In a certain light; oh, alright then, in the dark, a mild but nonetheless disturbing physical resemblance to teen-idols Hanson has also been remarked upon. For some reason - perhaps the thrill of being chased through the streets of their hometown by gangs of short-sighted adolescent girls - Paul Hanford, Ed Dowie and Andy Gutteridge choose to exacerbate this impression with a strict regime of geometrically ascending hirsuteness (Dowie claims "hair-measuring sessions" keep everything in proportion: "If we ever get a drummer, he's going to have to be bald"). Creatively, the band aim a little higher. "If you're a plumber," is their collective motto, "you've got to want to plumb in space."

But how to realise such lofty ambitions in the unsettled climate of early 21st-century British pop music? "By making a record," Gutteridge avers grandiosely, only half joking, "that will be remembered for 20 years alongside the classic albums of history." "The sort of album," Hanford continues, "that when someone got to be 17 they might really feel they should own."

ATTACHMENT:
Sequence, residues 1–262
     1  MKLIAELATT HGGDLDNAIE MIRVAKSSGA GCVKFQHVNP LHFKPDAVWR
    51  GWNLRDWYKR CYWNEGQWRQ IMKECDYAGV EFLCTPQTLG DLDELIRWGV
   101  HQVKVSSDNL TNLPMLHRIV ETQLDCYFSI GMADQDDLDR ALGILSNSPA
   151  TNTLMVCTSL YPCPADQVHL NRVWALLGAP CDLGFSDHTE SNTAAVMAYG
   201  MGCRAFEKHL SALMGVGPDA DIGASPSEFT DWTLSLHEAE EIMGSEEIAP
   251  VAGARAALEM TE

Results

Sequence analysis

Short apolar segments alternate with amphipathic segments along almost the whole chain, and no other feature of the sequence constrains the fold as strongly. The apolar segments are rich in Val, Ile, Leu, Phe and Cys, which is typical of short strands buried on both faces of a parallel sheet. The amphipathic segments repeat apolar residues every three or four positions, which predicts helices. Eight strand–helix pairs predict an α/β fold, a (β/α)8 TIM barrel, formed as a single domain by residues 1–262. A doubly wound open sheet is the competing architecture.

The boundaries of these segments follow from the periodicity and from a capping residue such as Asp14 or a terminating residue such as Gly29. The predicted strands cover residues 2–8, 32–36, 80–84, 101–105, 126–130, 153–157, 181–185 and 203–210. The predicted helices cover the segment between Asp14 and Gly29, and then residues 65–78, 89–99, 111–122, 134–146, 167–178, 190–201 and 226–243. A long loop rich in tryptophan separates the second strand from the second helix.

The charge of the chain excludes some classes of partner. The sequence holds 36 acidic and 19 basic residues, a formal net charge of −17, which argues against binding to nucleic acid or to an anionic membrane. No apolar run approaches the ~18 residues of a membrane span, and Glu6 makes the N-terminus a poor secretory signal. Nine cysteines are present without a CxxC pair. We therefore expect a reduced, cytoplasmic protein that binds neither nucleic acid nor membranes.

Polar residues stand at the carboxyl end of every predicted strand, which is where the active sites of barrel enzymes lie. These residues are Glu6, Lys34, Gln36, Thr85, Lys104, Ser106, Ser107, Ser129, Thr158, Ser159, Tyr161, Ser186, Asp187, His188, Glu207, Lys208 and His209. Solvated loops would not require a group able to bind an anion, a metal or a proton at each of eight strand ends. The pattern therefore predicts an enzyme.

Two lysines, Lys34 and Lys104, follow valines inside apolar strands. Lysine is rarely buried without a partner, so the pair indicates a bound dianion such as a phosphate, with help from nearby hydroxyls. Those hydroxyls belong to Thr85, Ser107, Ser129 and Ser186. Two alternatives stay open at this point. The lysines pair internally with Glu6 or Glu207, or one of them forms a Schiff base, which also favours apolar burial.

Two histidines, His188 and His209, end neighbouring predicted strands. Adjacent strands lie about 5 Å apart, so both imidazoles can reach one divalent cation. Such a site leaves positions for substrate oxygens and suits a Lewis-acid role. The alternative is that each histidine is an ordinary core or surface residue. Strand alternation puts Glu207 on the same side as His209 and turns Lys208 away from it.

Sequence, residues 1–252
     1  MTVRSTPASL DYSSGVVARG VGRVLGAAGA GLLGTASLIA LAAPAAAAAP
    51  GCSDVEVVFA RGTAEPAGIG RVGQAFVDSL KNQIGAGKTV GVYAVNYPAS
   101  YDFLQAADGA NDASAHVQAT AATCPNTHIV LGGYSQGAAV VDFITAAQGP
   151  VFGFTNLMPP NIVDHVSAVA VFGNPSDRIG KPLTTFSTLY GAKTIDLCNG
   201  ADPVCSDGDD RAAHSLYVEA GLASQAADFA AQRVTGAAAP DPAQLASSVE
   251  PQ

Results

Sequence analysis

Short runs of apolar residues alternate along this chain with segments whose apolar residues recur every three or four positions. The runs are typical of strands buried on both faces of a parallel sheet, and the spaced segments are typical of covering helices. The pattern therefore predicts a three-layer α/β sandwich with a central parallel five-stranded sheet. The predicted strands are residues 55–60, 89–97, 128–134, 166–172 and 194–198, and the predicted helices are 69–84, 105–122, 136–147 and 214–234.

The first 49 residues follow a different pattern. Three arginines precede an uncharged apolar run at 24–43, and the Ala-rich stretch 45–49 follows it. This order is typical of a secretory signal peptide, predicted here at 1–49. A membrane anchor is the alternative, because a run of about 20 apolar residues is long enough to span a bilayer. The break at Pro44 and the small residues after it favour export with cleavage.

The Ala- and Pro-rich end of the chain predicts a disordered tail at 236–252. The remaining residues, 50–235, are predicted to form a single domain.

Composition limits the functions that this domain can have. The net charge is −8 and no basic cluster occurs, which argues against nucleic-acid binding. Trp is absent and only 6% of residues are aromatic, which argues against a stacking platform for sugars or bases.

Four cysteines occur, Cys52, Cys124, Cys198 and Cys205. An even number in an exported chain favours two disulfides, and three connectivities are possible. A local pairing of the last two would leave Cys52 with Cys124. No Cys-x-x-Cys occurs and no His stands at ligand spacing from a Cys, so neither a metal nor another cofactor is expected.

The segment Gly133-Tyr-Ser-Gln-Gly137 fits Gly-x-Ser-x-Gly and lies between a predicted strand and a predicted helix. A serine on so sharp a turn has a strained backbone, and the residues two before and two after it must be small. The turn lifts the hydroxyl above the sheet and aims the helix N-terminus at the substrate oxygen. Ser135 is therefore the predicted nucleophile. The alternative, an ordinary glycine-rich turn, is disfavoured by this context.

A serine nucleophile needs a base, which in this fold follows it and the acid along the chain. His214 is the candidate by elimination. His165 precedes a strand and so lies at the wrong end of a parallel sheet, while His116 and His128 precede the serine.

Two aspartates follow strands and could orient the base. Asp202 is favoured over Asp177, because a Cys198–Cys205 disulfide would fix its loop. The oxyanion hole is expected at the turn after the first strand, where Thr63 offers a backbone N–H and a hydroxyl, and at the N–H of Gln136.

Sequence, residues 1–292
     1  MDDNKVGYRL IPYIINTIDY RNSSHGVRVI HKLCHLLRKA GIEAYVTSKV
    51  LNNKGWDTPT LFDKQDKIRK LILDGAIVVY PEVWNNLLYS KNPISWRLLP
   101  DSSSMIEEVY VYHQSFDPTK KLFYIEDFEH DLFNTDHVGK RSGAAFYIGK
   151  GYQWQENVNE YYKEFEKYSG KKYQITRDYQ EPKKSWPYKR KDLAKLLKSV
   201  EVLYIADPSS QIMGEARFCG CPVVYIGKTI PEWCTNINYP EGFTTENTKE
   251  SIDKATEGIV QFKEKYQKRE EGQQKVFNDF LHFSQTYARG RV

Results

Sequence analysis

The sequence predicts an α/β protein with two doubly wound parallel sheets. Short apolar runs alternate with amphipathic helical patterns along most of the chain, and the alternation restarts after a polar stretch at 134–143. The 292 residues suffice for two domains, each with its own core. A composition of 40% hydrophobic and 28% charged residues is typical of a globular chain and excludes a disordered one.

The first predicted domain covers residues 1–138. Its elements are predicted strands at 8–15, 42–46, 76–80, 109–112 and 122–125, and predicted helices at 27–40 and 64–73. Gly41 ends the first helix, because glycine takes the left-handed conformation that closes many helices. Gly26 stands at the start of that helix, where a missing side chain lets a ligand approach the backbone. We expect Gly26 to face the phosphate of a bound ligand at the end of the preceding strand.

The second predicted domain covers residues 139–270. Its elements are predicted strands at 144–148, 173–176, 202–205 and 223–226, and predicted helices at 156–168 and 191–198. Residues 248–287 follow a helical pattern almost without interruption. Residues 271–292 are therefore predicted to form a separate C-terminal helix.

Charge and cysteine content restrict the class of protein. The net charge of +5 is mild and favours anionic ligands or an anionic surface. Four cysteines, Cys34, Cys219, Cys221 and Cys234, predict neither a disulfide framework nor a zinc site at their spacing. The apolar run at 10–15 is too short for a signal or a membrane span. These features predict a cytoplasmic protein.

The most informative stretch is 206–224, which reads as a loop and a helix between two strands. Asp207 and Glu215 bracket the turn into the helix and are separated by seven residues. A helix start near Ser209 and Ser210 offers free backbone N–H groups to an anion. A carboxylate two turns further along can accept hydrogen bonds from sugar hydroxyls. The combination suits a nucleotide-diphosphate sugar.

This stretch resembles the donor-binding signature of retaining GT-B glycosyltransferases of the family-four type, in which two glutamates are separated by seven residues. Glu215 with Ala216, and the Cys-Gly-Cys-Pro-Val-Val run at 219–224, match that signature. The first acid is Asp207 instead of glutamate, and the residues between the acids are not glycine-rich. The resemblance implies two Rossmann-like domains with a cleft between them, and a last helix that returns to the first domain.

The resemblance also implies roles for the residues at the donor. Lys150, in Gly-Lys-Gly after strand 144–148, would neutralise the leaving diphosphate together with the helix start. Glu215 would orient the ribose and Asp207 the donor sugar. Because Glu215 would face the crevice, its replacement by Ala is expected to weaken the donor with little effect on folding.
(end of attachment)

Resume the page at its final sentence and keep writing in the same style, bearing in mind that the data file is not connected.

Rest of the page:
Brothers In Sound's current long-playing release Family Is For Sharing, is the first step along the road towards that worthy goal. Though it's actually just a compilation of their first three limited edition EPs (1998's "Just Like A Day", last year's "Barelyafterwake" and this spring's "The High And Low Show") with a couple of judicious remixes thrown in for good measure, the act of taking the songs out of chronological order and resequencing them "as if we were making a compilation for our friends" brought out new strengths. What might have been a stop-gap measure now works beautifully as a complete entity in its own right.